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Ultimate Base Running Primer

Posted By Mitchel Lichtman On May 24, 2011 @ 2:20 pm In Essential,Glossary | 52 Comments

Base running linear weights or base running runs, or Ultimate Base Running (UBR), is similar to the outfield arm portion of UZR. Whatever credit (positive or negative) is given to an outfielder based on a runner hold, advance, or kill on a batted ball is also given in reverse to the runner (or runners). There are some plays that a runner is given credit (again plus or minus) for that do not involve an outfielder, such as being safe or out going from first to second on a ground ball to the infield, or advancing, remaining, or being thrown out going from second to third on a ground ball to SS or 3B.

Runs are awarded to base runners in the same way they are rewarded to outfielders on “arm” plays. The average run value in terms of the base/out state is subtracted from the actual run value (also in terms of the resultant base/out state) on a particular play where a base runner is involved. The result of the subtraction is the run value awarded to the base runner on that play.

If you didn’t understand that, a simple example should explain it clearly:

Let’s say that there is a runner on second and one out. A ground ball is hit to the SS. Let’s say that on the average, in that same situation, the runner advances safely to third and the batter is thrown out 20% of the time, he stays put 70% of the time, he gets thrown out at 3rd 5% and beats a throw to third 5% of the time (batter safe on a FC). And let’s say that average base/out run expectancy (RE) of all those results, weighted by their frequency of occurrence, is .25 runs (all the numbers are made up). If the runner advances and the batter is thrown out, and the resultant RE is .5 runs, then the runner gets credit for .25 runs (.5 minus .25). If he stays put, and the average RE of a runner on second and 2 outs is .23 runs, then gets “credit” (he gets docked) for -.02 runs (.23 minus .25). So basically a runner gets credit for the resultant run value of what he does minus the average weighted resultant run value of all base runners in that situation.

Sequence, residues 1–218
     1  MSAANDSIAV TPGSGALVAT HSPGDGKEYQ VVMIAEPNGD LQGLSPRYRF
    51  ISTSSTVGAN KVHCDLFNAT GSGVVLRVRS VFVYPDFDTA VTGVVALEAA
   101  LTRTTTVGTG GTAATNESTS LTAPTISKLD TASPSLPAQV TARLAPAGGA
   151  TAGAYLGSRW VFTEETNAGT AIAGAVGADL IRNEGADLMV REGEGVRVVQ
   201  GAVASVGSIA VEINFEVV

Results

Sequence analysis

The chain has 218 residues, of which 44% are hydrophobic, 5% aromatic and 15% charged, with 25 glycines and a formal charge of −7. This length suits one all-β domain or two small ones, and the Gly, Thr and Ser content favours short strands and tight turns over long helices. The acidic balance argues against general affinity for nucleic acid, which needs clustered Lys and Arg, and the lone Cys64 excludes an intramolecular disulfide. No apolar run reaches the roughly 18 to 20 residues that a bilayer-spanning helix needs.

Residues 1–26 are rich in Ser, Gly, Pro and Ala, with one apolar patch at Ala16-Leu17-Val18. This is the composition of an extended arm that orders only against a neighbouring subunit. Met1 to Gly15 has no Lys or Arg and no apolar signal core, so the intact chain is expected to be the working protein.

Here are most of the situations where a base runner gets some kind of positive or negative credit. Obviously more than one base runner can get credit on any particular play.

1) On a hit, advancing an extra base, not advancing an extra base, or getting thrown out trying to advance an extra base, as long as no other base runner is blocking an advance.

2) A batter getting thrown out trying to advance an extra base on a hit (if he successfully does, we don’t know it, as he is simply awarded a double, for example, on a usual single where he advances an extra base).

3) On a hit, the batter advancing, not advancing, or getting thrown out when a runner is safe or out advancing an extra base.

4) Trailing runners advancing, not advancing or getting thrown out when a leading runner is safe or out trying to advance an extra base on a hit or an out. This is basically lumped together with #1 above.

5) Runners trying to advance on fly ball outs – i.e. tagging up.

6) As mentioned above, on ground balls to the infield, runners on first staying out of the force or DP at second base, whether the batter is out or is safe on a FC.

7) Also as mentioned above, a runner on second advancing or not (or getting thrown out) on a ground ball hit to SS or 3B.

Runners on third base advancing, not advancing, or getting thrown out at home on a ground ball are not considered (on air balls they are). Runner advances or outs on WP or PB are not considered either.

All of these situations are considered an “opportunity” for the base runner or the batter (except when a batter gets a hit, he is not awarded an opportunity unless a leading runner tries to advance an extra base and the batter has an opportunity to advance on the throw).

As with UZR, a player’s “games” are not his actual games played. They are his opportunities divided by the league-average opportunities per game. No adjustments are made for how often a player typically gets on base (or how often subsequent batters put the ball in play or get hits), such that a player with a high OBP will likely have more “games” than actual games played and a player with a low OBP will likely have fewer “games” than actual games played.

On batted balls to the outfield, only whether it was hit to LF, CF, or RF is considered, not the depth or actual vector or zone within the three outfield positions.

Future versions of UBR will likely adjust “games” for a player’s OBP and will also likely include more outfield location zones. These upgrades are not likely to significantly change the numbers.


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